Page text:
Historic Pilot Town Land Acquired for Conservation in Alabama
Approximately 99 acres of property on Fort Morgan Peninsula in Alabama was preserved for conservation on December 28, 2021, thanks to a joint effort with the Regionwide Trustee Implementation Group—including trustees from the Alabama Department of Conservation and Natural Resources and the Department of the Interior—and The Nature Conservancy. The area is known as Pilot Town for its historical significance as the former location of a community of bar pilots that helped ships navigate sandbars in Mobile Bay. The settlement was destroyed in a 1906 hurricane.
Nestled amongst surrounding homes, resorts, and local businesses exists a diverse ecosystem that provides a haven for many coastal species. The Pilot Town property includes sandy shrub scrub, coastal marsh, and several brackish inland lagoons, which provide important habitat for a host of species.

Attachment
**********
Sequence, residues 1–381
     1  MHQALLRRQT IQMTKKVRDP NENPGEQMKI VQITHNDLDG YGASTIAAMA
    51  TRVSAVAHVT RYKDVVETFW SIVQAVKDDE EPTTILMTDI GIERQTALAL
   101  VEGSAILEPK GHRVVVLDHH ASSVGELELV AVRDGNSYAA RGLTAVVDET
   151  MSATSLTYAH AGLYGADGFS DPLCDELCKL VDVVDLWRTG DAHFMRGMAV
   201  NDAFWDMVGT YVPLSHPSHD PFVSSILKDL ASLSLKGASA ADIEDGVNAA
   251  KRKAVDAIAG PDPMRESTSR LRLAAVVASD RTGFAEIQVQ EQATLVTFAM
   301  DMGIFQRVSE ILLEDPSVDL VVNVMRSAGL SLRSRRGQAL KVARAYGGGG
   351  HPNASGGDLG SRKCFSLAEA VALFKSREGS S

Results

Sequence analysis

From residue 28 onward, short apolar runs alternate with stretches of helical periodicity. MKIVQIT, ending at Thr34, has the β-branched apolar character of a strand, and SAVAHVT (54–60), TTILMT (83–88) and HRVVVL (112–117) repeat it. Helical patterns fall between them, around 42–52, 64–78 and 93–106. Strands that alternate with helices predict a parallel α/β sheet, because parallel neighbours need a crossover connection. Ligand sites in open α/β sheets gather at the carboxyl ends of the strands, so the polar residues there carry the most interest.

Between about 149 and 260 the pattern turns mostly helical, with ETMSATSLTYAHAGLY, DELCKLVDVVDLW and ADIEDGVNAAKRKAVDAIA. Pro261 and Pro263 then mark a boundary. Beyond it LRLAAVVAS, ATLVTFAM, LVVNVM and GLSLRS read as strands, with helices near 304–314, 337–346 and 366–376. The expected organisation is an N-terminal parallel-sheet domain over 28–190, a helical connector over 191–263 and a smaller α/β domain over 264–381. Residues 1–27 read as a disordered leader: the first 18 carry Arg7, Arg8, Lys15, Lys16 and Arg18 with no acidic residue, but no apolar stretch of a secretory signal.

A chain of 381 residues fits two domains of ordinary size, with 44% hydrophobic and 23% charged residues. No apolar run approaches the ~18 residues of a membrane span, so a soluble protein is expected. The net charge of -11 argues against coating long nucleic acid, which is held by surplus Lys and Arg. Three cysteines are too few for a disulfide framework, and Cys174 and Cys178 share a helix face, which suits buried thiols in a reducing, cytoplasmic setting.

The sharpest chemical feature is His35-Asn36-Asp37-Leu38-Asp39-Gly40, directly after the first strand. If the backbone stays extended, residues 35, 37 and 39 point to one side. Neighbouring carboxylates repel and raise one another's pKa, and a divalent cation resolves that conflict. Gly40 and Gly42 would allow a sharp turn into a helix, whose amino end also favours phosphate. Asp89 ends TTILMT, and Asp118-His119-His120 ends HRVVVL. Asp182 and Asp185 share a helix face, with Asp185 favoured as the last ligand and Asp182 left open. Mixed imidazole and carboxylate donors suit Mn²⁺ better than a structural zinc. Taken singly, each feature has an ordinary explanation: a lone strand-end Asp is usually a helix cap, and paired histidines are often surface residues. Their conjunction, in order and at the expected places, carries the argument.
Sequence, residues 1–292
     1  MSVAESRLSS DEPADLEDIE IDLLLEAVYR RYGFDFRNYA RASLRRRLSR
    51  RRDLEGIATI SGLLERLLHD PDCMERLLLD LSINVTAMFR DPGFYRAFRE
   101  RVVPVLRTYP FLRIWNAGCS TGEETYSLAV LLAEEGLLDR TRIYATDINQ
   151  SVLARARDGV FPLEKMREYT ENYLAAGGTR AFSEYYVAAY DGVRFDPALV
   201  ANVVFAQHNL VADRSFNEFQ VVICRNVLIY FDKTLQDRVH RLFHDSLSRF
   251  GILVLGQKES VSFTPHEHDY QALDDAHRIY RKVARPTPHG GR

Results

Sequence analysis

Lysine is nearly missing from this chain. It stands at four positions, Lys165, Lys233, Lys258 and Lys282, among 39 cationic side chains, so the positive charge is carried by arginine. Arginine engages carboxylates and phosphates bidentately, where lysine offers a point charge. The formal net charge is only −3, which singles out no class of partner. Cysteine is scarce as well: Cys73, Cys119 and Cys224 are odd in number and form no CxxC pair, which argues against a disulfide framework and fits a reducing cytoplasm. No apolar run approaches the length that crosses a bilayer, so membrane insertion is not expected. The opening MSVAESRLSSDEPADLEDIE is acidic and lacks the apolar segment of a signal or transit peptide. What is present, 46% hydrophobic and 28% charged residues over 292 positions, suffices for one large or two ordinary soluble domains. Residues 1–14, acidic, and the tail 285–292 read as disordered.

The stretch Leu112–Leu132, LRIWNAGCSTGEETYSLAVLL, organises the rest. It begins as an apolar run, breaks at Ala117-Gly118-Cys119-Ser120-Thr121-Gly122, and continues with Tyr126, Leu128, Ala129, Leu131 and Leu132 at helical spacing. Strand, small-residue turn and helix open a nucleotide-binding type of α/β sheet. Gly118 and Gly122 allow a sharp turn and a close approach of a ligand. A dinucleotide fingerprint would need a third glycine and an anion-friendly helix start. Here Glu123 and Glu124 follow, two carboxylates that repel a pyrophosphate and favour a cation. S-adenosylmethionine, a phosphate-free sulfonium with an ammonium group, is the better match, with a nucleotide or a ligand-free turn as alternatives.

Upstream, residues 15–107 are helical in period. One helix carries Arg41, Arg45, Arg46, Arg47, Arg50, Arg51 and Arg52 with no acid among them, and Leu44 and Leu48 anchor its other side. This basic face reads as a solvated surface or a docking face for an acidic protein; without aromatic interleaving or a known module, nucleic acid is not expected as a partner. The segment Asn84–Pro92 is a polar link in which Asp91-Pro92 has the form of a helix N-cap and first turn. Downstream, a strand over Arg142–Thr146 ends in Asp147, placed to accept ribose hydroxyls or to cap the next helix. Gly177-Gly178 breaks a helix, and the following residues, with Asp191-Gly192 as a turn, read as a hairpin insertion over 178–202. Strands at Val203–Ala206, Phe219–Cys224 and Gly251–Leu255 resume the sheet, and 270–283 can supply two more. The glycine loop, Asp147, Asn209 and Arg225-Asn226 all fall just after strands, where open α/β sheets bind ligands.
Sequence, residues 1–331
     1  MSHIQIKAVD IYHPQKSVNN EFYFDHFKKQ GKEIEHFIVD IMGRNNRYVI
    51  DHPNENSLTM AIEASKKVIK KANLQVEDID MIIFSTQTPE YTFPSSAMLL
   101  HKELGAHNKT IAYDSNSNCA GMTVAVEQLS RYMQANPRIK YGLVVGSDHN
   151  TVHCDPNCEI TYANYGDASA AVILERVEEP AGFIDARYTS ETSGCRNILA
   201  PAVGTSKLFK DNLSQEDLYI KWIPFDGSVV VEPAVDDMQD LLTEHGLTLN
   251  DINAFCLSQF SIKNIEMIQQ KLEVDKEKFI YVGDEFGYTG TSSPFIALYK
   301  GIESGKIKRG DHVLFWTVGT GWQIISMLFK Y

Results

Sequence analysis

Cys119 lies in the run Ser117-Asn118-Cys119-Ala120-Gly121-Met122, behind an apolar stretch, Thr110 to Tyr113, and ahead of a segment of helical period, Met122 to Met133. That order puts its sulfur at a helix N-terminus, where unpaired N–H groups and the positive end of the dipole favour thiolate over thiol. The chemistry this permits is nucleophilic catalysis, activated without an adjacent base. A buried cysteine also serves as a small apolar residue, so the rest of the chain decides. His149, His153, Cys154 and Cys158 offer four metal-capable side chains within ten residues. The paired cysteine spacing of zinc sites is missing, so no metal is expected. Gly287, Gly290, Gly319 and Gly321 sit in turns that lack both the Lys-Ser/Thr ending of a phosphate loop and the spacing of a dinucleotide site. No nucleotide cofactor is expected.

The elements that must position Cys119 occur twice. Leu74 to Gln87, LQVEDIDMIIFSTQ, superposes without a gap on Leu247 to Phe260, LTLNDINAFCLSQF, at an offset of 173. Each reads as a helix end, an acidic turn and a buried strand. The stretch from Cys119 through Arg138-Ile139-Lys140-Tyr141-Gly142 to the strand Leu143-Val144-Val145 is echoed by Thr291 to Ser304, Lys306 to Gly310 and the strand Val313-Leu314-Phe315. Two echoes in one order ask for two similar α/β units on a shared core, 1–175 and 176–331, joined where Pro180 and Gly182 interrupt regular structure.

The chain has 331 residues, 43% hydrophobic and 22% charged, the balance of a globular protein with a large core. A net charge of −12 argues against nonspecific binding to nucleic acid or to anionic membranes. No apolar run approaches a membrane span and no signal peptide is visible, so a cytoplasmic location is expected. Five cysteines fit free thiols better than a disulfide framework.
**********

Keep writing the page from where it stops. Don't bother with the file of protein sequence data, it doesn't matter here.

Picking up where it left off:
As part of the Trustee Implementation Group’s September 2021 Restoration Plan 1, the property was acquired for incorporation into the Bon Secour National Wildlife Refuge. The $6.5 million land acquisition project provides conservation and enhancement of nesting and foraging habitats for birds, habitats that were injured by the Deepwater Horizon oil spill. The Refuge is one of the most important stop-over sites for migratory birds. It also plays a critical role for endangered species such as the Alabama beach mouse, nesting sea turtles, and wintering piping plovers.
The group’s first Restoration Plan addresses restoration of other natural resources injured by the oil spill. It includes a portfolio of projects intended to restore sea turtles, marine mammals, oysters, and birds. The Plan provides nearly $100 million for 11 restoration projects across the Gulf region.